Monday, November 16, 2015


(Alain Laboile)

Somehow, I didn't close my freezer door last night before going to bed. This morning I cooked all of the meat that was in the refrigerator below, which relies on the functioning of the freezer to perform its function; nearly one pound of salmon steaks, two organic chicken breasts, a significant ribeye steak, a rasher of maple bacon. I ate the whole salmon steak for lunch, no veggies, no side dish, just myself and the pure joy of seafood, my favorite of all the foods. 

It's too bad I wasn't able to eat the chicken also. I created a unique dry rub for them and had only one bite when they were done, which was delicious, but meat is not like ice cream, it can be preserved when the freezer goes warm by cooking alone. I left everything as juicy as possible, as re-heating will be a necessity. 

I'm slowly becoming a better cook. I wish that I would have paid more attention while sitting in the various kitchens of my friends, drinking their wine, watching them do all the work. 

There are so many things that I wish. It is a good and lucky thing that there are so many stars. 

Even though it would have made the disaster of our marriage more to overcome at the time, I wish now that Rachel and I would have had two children instead of one.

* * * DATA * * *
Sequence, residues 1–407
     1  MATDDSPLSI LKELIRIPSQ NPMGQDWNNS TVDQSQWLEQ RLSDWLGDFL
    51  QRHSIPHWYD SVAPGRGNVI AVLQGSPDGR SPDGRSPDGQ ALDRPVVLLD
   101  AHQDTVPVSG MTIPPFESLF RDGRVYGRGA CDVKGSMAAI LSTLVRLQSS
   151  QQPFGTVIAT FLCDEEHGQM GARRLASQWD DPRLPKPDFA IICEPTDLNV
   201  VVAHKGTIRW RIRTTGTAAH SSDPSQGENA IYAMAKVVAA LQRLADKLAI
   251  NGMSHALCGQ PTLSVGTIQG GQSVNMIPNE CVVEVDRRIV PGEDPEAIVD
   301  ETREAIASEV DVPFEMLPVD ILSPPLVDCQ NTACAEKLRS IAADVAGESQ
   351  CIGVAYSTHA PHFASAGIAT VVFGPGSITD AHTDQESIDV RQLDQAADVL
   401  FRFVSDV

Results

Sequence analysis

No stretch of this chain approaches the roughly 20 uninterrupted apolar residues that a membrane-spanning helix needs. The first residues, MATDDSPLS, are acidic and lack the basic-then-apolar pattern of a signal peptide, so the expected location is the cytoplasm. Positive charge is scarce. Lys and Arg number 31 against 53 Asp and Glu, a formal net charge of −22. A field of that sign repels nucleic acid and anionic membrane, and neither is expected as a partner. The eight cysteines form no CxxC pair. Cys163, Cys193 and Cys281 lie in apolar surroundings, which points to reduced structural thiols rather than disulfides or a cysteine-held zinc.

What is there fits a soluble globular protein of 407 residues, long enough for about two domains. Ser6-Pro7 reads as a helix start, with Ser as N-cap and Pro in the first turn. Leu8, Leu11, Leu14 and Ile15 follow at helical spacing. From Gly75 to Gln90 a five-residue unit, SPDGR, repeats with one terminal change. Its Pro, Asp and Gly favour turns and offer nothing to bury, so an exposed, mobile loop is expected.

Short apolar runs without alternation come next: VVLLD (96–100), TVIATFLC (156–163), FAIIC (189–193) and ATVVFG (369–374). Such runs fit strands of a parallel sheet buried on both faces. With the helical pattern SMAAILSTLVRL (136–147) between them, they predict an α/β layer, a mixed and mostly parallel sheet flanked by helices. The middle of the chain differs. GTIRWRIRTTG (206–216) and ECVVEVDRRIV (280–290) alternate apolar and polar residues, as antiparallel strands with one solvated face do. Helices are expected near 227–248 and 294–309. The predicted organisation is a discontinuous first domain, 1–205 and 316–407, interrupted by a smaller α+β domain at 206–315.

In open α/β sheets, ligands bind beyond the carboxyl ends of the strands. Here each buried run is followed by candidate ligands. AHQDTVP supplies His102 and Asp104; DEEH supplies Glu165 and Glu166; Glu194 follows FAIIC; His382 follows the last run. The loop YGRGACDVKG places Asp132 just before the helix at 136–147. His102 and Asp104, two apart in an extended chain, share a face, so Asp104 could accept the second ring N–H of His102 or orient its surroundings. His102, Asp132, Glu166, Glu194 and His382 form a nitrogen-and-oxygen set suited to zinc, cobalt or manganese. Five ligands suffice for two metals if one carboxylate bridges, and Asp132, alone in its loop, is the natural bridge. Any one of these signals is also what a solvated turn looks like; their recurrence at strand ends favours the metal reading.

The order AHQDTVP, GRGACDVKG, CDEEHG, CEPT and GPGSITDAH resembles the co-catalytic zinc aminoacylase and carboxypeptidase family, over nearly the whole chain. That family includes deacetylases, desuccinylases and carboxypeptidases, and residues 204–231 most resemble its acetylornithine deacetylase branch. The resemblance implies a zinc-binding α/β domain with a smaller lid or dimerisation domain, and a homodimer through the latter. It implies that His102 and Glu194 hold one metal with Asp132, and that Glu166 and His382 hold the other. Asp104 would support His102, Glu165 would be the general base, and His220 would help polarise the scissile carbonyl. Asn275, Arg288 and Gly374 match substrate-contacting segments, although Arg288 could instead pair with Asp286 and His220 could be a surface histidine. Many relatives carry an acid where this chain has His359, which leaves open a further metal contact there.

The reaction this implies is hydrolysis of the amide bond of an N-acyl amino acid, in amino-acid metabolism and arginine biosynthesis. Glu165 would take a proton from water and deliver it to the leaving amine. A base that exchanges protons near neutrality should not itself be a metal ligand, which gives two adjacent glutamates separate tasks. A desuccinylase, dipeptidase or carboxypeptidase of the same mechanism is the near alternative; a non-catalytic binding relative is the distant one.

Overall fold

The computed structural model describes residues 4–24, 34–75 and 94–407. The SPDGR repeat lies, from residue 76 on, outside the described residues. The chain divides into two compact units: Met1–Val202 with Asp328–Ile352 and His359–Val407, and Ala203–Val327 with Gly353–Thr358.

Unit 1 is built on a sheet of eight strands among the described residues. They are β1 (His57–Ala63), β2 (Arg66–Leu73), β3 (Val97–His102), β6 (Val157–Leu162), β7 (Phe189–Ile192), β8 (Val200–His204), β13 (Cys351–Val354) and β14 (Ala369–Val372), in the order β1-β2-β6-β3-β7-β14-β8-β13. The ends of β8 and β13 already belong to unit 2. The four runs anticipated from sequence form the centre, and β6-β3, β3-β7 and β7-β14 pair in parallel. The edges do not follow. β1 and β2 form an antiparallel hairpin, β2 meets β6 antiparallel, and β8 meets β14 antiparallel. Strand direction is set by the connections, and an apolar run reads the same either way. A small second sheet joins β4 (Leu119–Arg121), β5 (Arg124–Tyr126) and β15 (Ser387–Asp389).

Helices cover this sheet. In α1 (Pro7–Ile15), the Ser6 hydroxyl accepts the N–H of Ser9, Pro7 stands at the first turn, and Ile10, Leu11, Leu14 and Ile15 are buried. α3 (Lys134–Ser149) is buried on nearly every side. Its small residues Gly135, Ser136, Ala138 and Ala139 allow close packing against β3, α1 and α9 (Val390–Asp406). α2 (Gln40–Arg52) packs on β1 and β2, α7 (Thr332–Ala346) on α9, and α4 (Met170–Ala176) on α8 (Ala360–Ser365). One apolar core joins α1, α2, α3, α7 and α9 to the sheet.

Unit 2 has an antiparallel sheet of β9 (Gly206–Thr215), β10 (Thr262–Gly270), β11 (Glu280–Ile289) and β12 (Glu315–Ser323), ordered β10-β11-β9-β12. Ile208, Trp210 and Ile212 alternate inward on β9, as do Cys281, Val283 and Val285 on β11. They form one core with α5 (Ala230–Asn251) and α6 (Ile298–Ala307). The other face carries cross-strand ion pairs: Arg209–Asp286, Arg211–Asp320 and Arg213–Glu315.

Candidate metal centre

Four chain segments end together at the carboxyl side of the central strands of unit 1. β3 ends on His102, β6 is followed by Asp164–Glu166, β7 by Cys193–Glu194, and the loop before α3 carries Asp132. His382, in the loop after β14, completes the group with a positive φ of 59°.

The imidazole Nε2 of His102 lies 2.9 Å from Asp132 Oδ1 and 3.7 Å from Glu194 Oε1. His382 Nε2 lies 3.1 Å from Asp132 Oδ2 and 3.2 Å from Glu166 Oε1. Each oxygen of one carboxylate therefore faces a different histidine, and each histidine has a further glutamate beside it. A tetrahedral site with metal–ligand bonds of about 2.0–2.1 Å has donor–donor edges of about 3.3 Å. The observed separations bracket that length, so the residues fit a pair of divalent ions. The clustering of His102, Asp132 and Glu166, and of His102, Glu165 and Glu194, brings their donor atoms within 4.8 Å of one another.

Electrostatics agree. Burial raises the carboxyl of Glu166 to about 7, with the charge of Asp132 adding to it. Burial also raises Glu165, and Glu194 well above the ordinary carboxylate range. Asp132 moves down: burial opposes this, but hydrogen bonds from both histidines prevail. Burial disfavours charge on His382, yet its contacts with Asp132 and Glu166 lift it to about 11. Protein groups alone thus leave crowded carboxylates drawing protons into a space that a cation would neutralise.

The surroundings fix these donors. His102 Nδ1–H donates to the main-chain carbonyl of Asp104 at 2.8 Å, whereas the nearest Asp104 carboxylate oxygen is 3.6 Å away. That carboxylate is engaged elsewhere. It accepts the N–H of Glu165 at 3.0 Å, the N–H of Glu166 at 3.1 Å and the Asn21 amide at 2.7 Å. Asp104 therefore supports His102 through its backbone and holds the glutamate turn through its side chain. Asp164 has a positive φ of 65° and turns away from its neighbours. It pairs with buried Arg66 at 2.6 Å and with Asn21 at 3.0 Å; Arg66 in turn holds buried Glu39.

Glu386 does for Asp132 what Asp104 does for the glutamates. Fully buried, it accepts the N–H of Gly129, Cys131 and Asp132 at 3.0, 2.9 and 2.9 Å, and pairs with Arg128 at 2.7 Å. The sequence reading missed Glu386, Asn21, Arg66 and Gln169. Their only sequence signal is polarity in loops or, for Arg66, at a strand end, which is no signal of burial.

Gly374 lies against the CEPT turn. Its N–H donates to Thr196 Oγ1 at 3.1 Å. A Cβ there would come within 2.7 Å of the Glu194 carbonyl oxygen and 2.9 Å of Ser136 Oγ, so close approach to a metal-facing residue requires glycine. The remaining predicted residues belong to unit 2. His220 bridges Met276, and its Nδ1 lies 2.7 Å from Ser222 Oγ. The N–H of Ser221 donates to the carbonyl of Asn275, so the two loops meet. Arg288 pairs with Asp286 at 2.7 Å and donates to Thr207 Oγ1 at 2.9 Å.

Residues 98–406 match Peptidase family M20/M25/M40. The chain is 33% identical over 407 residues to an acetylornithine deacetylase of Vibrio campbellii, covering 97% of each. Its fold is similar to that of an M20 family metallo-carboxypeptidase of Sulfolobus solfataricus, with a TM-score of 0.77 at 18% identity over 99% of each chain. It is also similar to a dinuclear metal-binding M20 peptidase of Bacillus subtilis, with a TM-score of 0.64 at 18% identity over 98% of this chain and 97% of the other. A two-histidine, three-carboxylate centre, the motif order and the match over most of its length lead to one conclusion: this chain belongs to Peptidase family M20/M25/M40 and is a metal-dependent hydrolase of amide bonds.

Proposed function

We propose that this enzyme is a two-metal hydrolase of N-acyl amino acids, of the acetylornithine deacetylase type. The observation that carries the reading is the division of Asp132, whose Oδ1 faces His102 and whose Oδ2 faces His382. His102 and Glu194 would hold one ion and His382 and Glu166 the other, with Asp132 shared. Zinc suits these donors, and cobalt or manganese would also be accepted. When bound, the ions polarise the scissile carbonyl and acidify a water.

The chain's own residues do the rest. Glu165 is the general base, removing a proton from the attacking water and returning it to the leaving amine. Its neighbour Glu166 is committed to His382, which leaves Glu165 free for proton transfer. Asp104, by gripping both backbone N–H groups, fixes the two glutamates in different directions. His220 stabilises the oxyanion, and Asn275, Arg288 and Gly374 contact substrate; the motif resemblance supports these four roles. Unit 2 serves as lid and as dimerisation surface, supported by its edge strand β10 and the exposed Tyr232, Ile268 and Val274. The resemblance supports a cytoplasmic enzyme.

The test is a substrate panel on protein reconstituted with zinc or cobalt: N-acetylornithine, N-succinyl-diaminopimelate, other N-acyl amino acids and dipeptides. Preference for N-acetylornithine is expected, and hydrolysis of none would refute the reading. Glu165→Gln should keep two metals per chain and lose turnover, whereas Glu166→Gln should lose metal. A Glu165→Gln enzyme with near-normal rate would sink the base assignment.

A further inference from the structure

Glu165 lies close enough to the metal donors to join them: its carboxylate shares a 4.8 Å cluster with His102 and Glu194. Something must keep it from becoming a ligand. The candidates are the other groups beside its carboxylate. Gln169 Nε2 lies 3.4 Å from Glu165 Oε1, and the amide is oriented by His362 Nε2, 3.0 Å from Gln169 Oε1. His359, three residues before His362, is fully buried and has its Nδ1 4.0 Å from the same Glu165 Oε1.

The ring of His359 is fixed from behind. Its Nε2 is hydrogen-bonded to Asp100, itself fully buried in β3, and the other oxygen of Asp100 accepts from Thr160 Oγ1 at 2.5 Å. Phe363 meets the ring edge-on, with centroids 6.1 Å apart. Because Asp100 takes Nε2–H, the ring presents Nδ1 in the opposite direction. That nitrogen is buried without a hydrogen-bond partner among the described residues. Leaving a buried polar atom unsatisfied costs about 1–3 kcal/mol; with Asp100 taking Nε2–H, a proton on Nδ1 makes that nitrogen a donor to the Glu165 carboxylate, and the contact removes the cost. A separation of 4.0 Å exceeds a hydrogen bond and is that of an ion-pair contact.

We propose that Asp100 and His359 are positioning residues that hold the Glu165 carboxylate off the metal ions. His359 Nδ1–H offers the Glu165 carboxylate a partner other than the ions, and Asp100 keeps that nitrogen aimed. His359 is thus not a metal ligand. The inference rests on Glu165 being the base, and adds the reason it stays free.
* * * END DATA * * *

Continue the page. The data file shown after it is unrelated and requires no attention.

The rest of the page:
Don't get me wrong, I love the boy very much, but I want him to have a brother or sister, and it seems that he feels the same. There's no easy answers there. The boy might remain an only child. 

It's been on my mind. I can't tell if it's selfish of me to want another child, stupid, irresponsible, or benevolent. Or, none of these things, or maybe all of them. 

This feeling will probably pass soon enough, most of them do. The intermittent emptiness of my life here is starting to gnaw at me. My life feels most meaningful when I'm caring for the boy. I moved here to have a family and I didn't quite get one, or at least not a complete and full-time one, now it seems that I probably never will. There's no way out, and yet I'm not sure if I would want a way out, or even take it if there was. I love the boy, etc. The boy would love a puppy. 

Is life really that simple? When you're feeling incomplete, buy a puppy. The road to hell is paved with veterinarian appointments.

I have fond memories of my brother when we were kids, though there were lots of tears and fighting also. My tears, his fighting. He was my hero, as many big brothers are. He was funny, and seemed cool, and knew more than I did. I imitated him until I learned how to do it on my own. 

Things changed somewhere along the way. To hear him tell it he would likely attribute this to a self-confessed problem he has, though for me there's more to it than that. I never felt as if I belonged in our family. I loved my mother, I suffered the near complete absence of my father as person, and my brother was my brother, the clearer reflection of my as yet unformed self. 

Sometimes I attempt to imagine life without him never having been it. Such thoughts are incomplete, even troubling, as the memory of siblings can not be erased. Likewise, it would seem, neither can the memory of their absence.

The blackbird whistling 
Or never having